Vines on the Front Line
In a country better known for war than wine, journalist Jeremy Bowen meets the winemakers of Lebanon. From January 2011.
" The message from a glass of Lebanese wine should be tolerance and openness between civilizations. It's more than fermented grape juice." Ramzi Ghosn, Massaya Wines.
For Radio 4, the BBC's Middle East Editor, Jeremy Bowen, takes time out from reporting conflicts to give vinophiles a new perspective on an ancient story. Lebanon is not a place you naturally associate with winemaking.
It is a Middle Eastern country nestled between Arab neighbours whose religion forbids them to drink alcohol. It is also a country that has been scarred by war, from the 15-year civil war from 1975-1990, to the recent Israeli-Lebanon conflict in 2006.
But Lebanon is also an ancient civilisation, a country of merchants and traders - its history dating back to Noah, the first winemaker in the Bible. Fittingly the Temple of Bacchus, an impressive tribute to the God of wine, is situated amongst the ruins of Balbek, in the Bekaa Valley, a region these days better known for Hezbollah than hedonism. But the temple, like Lebanese wine, has survived centuries of war and the winemakers of the Bekka are optimistic wine will outlive war.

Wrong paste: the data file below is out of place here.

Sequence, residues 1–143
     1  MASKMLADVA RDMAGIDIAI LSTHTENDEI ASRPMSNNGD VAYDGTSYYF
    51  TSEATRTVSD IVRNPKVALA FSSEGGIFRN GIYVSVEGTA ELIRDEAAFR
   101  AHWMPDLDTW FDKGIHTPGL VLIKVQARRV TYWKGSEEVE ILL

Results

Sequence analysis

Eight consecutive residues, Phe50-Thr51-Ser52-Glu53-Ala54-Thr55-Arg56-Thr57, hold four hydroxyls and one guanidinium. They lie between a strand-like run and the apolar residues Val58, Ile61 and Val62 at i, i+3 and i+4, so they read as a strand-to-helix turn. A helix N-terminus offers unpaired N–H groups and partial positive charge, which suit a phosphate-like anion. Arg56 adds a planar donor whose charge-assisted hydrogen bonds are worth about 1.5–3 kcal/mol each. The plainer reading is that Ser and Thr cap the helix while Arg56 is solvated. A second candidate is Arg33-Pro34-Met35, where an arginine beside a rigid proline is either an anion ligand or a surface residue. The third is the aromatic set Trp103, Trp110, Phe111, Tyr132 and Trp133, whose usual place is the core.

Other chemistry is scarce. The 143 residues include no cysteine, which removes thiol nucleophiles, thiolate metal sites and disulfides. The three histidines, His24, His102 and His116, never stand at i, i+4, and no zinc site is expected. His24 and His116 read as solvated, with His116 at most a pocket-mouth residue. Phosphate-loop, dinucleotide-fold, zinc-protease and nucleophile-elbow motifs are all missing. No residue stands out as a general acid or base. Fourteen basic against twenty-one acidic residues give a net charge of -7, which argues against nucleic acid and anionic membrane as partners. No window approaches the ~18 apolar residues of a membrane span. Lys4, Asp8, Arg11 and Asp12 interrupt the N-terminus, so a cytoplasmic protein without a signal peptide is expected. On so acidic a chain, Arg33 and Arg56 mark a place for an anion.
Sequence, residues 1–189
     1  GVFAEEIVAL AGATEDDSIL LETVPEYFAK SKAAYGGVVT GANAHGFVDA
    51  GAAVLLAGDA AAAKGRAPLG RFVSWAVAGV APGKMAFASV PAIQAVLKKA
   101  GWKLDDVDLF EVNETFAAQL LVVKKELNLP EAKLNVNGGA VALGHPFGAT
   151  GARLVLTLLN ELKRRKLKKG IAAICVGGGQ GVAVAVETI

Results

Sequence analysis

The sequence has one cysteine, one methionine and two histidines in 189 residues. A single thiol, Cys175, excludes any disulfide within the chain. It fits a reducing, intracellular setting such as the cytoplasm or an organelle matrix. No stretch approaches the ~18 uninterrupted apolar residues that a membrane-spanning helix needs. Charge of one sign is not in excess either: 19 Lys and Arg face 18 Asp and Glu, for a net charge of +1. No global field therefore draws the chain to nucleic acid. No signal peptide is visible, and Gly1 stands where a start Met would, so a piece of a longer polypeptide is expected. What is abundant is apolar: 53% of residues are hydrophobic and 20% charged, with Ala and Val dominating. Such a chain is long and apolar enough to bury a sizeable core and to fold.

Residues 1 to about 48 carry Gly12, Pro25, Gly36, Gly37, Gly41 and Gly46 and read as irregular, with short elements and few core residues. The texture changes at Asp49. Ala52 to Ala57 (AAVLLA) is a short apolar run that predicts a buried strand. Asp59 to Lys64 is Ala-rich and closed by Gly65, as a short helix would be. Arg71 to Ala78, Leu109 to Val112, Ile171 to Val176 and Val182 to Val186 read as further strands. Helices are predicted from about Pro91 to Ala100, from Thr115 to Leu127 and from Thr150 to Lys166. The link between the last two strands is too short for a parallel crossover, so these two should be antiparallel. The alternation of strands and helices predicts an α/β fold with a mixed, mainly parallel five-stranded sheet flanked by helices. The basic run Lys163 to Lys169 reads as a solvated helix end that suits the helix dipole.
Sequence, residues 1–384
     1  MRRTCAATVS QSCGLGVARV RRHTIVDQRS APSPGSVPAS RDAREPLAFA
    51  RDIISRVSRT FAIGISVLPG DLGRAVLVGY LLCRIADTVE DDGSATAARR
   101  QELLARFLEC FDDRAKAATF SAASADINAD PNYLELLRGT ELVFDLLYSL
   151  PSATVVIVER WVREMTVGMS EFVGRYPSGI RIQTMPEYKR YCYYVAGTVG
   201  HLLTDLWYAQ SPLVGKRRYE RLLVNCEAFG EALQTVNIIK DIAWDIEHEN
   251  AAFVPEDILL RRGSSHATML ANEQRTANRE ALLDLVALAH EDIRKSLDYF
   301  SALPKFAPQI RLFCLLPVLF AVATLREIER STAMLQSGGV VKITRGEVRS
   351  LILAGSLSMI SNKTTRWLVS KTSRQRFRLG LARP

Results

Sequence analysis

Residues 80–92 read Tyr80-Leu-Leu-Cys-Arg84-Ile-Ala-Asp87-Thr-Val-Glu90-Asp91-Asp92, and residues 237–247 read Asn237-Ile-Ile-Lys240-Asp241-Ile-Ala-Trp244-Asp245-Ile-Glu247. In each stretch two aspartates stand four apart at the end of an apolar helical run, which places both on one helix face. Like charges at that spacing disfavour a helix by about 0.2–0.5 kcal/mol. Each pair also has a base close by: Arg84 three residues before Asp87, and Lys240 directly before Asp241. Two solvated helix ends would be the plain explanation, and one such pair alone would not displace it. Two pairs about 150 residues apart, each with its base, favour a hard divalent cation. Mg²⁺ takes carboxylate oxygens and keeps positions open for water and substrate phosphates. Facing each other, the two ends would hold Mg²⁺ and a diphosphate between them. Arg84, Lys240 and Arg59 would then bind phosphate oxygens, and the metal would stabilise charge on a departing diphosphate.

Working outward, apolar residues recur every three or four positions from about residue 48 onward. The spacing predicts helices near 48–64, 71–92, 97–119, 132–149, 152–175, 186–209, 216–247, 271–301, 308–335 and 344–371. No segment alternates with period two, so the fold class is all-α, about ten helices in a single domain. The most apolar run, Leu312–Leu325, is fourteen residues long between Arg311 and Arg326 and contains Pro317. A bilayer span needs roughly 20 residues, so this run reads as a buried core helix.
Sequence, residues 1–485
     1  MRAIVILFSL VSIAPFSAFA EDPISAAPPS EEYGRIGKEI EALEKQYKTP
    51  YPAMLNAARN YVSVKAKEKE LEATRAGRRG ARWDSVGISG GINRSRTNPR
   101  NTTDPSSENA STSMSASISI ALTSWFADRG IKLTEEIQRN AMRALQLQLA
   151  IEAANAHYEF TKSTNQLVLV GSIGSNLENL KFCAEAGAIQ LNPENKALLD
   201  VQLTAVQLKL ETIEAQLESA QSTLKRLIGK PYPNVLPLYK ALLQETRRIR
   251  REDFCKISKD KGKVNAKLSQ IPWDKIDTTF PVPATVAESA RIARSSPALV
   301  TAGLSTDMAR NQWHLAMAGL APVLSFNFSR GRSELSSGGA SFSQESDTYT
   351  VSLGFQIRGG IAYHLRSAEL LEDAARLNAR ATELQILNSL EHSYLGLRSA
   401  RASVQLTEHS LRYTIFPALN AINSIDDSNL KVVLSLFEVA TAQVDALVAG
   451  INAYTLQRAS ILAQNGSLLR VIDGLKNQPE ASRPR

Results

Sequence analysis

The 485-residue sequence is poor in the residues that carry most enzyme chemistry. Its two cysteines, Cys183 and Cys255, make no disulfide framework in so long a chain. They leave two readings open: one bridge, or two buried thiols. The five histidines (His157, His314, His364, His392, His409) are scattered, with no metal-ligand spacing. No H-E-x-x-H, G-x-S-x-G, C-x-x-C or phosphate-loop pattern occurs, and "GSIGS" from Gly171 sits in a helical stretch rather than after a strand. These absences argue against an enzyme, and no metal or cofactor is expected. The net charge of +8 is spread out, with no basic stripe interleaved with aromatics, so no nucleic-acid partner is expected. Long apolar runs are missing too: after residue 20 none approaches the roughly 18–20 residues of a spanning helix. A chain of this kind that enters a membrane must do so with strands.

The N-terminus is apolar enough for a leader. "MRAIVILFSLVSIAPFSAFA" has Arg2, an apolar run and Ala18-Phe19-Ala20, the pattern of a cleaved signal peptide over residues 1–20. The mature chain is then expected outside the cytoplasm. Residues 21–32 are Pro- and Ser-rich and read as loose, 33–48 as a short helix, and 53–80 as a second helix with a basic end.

Sharing stories with the wine makers who, in defiance and dedication to their craft, continue to grow their vines so close to the frontline, Jeremy delves into the cultural and ethnic mosaic of this unstable but extraordinary country.
Producer: Gemma Newby
An All Out Production for BBC Radio 4.